While the Democratic Republic of the Congo (D.R.C.) grapple with its latest Ebola outbreak and COVID-19, other conditions remain a major issue. Resources have been diverted towards fighting a 19-month long outbreak of Ebola that has killed over 2,000 people. In turn, this has weakened the fight against containing measles. Since the start of 2019, over 341,000 people have been infected with measles. As a result, approximately 6,400 have died. This is a figure almost three times higher than the number killed by Ebola during the same time period. UNICEF and its partners are supporting health services in the D.R.C.. However, in response to COVID-19 and other continuing health concerns in the country, UNICEF is calling for more support.
UNICEF’s D.R.C. representative Edouard Beigbeder said, “Strengthening the DRC’s basic health care system is absolutely vital. Unless health facilities have the means to deliver immunization, nutrition and other essential services, including in remote areas of the country, we risk seeing the lives and futures of many Congolese children scarred or destroyed by preventable diseases.”
Henrietta Fore, the UNICEF Executive Director, said in a March 26 statement, “We must not allow lifesaving interventions to fall victim to our efforts to address COVID-19,” adding, “In the days to come, governments may have to temporarily postpone preventive mass vaccination campaigns in many places to ensure that the delivery of immunization services does not contribute to COVID-19 spread, and to follow recommendations on physical distancing. UNICEF strongly recommends that all governments begin rigorous planning now to intensify immunization activities once the COVID-19 pandemic is under control.”
Karel Janssens, Doctors Without Borders’ (MSF) Head of Mission in the D.R.C. said, “The actual mortality rate might be much higher, up to four or five times higher than what we see in official numbers…there’s a lot of community deaths that are not reflected in some of the official reports.”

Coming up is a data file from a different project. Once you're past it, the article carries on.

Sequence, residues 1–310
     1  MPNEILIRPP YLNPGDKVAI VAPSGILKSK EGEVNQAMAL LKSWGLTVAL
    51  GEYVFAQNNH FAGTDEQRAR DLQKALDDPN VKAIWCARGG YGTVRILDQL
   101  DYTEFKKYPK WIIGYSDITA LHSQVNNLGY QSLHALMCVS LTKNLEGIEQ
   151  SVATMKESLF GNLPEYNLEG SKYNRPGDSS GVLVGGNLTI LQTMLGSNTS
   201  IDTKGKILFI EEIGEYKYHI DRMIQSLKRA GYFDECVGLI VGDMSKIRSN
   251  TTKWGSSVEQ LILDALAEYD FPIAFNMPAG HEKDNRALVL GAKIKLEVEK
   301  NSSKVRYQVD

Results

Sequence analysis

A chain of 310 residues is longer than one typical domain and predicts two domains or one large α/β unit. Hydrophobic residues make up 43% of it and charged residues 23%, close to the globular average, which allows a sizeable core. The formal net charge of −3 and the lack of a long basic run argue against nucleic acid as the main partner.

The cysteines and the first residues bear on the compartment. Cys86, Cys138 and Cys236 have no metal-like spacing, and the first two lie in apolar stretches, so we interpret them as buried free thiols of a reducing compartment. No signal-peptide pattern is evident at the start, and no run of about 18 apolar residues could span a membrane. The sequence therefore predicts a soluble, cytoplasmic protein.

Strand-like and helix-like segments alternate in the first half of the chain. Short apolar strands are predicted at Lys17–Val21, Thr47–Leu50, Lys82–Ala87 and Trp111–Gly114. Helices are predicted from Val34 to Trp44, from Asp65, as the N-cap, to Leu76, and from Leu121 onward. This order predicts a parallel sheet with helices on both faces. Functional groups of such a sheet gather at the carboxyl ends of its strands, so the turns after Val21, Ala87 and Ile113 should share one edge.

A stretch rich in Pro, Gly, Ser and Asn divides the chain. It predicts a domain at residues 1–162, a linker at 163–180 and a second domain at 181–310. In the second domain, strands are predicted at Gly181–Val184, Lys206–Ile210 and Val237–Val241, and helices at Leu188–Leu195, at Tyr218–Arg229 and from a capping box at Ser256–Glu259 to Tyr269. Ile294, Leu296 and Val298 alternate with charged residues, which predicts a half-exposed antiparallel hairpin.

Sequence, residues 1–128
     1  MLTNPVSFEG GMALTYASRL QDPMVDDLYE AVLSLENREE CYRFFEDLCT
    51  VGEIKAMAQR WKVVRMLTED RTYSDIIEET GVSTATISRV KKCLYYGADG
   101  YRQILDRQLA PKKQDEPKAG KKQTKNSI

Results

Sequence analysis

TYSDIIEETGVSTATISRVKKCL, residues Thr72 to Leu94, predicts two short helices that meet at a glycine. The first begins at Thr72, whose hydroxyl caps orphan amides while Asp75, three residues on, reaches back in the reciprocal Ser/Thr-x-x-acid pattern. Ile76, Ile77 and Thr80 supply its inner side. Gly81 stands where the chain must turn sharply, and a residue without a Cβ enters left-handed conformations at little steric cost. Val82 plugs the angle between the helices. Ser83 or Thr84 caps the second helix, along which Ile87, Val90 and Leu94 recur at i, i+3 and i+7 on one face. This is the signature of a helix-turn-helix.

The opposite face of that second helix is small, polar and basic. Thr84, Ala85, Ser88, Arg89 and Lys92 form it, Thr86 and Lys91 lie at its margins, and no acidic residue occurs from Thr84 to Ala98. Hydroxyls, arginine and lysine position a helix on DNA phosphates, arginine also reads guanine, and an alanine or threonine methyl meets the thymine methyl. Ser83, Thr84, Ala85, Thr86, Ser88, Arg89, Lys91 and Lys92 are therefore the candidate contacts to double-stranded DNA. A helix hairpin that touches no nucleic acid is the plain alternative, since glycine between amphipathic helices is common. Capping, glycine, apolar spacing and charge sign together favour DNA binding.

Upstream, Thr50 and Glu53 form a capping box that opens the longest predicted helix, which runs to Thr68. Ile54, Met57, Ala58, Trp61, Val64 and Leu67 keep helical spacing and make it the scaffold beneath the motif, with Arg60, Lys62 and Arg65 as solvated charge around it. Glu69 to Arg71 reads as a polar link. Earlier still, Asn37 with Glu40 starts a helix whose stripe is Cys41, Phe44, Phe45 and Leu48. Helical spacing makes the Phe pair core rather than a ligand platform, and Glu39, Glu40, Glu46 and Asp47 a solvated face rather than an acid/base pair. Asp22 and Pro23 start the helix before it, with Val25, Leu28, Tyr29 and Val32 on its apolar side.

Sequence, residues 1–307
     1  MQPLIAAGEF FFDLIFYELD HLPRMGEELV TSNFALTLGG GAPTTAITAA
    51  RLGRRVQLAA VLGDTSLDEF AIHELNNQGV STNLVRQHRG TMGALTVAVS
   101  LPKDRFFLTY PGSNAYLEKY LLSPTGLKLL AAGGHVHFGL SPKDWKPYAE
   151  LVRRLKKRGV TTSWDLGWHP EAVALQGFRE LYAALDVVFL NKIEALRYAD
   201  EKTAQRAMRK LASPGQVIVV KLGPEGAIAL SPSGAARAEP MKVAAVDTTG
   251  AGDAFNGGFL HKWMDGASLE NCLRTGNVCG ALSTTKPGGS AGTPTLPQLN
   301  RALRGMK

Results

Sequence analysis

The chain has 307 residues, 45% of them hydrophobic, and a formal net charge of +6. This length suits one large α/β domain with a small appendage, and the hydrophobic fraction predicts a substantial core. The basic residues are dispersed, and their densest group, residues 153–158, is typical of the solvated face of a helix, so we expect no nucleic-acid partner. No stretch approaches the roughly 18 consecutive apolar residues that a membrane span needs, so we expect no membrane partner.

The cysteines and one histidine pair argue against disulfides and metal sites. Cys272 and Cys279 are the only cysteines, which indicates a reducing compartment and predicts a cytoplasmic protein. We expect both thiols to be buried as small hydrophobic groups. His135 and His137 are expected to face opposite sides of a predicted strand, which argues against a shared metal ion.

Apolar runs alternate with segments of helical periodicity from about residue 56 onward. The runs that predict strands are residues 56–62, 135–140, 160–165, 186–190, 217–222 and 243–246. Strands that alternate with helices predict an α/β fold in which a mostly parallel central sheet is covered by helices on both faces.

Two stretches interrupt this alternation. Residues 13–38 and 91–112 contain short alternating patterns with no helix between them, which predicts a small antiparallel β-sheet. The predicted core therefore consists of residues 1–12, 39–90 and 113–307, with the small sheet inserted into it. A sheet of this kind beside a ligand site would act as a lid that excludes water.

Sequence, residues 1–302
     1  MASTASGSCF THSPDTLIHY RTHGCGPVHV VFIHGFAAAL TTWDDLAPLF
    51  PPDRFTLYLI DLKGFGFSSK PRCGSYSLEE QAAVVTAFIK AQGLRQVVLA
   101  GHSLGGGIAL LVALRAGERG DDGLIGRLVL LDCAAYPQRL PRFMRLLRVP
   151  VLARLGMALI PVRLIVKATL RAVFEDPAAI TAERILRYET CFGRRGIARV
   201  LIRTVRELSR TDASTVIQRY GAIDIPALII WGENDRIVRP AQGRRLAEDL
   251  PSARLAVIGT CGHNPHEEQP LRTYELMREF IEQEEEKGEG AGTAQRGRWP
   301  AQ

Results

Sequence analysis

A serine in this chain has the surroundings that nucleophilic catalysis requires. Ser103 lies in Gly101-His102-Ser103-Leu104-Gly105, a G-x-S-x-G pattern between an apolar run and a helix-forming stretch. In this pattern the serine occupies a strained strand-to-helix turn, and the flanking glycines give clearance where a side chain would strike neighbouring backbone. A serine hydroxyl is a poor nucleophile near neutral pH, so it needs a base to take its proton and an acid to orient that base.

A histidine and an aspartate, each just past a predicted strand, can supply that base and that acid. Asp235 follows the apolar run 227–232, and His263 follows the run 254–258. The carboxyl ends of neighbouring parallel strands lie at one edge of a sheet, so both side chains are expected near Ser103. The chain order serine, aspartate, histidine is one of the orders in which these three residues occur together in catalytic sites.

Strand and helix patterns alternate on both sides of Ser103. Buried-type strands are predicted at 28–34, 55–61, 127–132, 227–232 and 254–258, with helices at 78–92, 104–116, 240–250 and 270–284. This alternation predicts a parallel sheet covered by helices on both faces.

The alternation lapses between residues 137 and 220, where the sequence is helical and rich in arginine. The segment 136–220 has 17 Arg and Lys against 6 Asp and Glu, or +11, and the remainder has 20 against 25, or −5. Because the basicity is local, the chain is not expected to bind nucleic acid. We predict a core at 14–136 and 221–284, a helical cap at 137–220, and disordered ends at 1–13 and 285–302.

In response to the measles outbreak in the D.R.C., local authorities launched a vaccination campaign on April 27, 2020. This campaign, which ended the following weekend, targeted over 25,000 children, and follows others that targeted 42,000 children.
Measles remains a global issue, with 10 million cases worldwide in 2018. This has caused 140,000 deaths, which represents a 58% increase since 2016. In poorer countries such as the D.R.C., health system issues, including underfunding, have made vaccine delivery highly problematic. Malnutrition can make measles more deadly and make vaccinations less effective. One such example is vitamin A deficiency. As five million children in the country are acutely malnourished, the measles vaccine’s effectiveness is reduced. This is because, upon vaccination, malnourished children have a diminished ability to develop immunoglobulin against the disease. The death rate in developing countries is around 3-6%, but can be as high as 30% in the worst outbreaks.
Those who recover can be left with lifelong issues. These include blindness, hearing loss, and brain damage. Immunity issues are also a problem for a duration after infection, as these infections can eliminate immunity memory of other illnesses. This leaves children more vulnerable to other pathogens. Further, measles is highly contagious compared to other diseases. In the case of coronavirus, the reproduction number is between two and three. This number refers to the average number of people who would be infected by a single person with a particular virus, in a population lacking immunity to that virus. For measles, this number is between 12 and 18. Hence it is remarkably more contagious, which highlights the importance of vaccination.